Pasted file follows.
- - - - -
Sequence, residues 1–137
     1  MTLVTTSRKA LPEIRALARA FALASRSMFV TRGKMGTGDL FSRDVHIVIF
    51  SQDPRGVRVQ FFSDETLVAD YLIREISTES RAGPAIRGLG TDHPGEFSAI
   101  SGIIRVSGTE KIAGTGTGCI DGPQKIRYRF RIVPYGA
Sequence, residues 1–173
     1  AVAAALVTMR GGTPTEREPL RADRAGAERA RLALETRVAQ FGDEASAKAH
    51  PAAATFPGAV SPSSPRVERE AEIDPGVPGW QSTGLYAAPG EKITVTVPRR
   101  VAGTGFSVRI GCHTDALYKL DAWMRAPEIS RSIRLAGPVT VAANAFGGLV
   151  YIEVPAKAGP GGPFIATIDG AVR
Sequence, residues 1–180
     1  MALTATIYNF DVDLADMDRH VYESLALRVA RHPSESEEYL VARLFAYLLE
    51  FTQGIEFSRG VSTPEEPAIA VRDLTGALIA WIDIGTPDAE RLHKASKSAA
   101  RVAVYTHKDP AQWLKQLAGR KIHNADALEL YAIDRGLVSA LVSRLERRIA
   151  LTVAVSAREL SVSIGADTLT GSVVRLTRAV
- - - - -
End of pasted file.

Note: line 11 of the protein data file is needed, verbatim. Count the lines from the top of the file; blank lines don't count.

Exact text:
     1  MALTATIYNF DVDLADMDRH VYESLALRVA RHPSESEEYL VARLFAYLLE